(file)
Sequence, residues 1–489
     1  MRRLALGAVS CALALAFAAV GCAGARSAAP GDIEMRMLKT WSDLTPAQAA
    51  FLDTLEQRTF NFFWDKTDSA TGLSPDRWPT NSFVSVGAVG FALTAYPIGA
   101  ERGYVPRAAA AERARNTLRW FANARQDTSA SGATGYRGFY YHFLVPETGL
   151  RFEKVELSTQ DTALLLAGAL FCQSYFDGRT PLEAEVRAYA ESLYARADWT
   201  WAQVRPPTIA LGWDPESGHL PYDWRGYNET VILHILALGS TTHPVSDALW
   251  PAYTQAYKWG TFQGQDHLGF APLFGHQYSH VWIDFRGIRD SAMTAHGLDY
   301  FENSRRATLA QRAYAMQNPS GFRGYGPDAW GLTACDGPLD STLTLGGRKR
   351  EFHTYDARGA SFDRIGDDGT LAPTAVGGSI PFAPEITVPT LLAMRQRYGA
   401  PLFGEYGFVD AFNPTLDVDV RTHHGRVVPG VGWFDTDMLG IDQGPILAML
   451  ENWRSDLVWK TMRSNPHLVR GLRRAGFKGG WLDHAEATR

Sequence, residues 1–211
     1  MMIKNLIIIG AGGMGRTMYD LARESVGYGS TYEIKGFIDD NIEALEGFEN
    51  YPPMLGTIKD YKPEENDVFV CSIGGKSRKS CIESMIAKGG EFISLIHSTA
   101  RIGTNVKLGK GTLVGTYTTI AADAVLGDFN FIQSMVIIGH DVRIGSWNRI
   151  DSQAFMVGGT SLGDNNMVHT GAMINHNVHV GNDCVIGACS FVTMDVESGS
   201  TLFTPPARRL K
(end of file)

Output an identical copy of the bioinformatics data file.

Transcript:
Sequence, residues 1–489
     1  MRRLALGAVS CALALAFAAV GCAGARSAAP GDIEMRMLKT WSDLTPAQAA
    51  FLDTLEQRTF NFFWDKTDSA TGLSPDRWPT NSFVSVGAVG FALTAYPIGA
   101  ERGYVPRAAA AERARNTLRW FANARQDTSA SGATGYRGFY YHFLVPETGL
   151  RFEKVELSTQ DTALLLAGAL FCQSYFDGRT PLEAEVRAYA ESLYARADWT
   201  WAQVRPPTIA LGWDPESGHL PYDWRGYNET VILHILALGS TTHPVSDALW
   251  PAYTQAYKWG TFQGQDHLGF APLFGHQYSH VWIDFRGIRD SAMTAHGLDY
   301  FENSRRATLA QRAYAMQNPS GFRGYGPDAW GLTACDGPLD STLTLGGRKR
   351  EFHTYDARGA SFDRIGDDGT LAPTAVGGSI PFAPEITVPT LLAMRQRYGA
   401  PLFGEYGFVD AFNPTLDVDV RTHHGRVVPG VGWFDTDMLG IDQGPILAML
   451  ENWRSDLVWK TMRSNPHLVR GLRRAGFKGG WLDHAEATR

Sequence, residues 1–211
     1  MMIKNLIIIG AGGMGRTMYD LARESVGYGS TYEIKGFIDD NIEALEGFEN
    51  YPPMLGTIKD YKPEENDVFV CSIGGKSRKS CIESMIAKGG EFISLIHSTA
   101  RIGTNVKLGK GTLVGTYTTI AADAVLGDFN FIQSMVIIGH DVRIGSWNRI
   151  DSQAFMVGGT SLGDNNMVHT GAMINHNVHV GNDCVIGACS FVTMDVESGS
   201  TLFTPPARRL K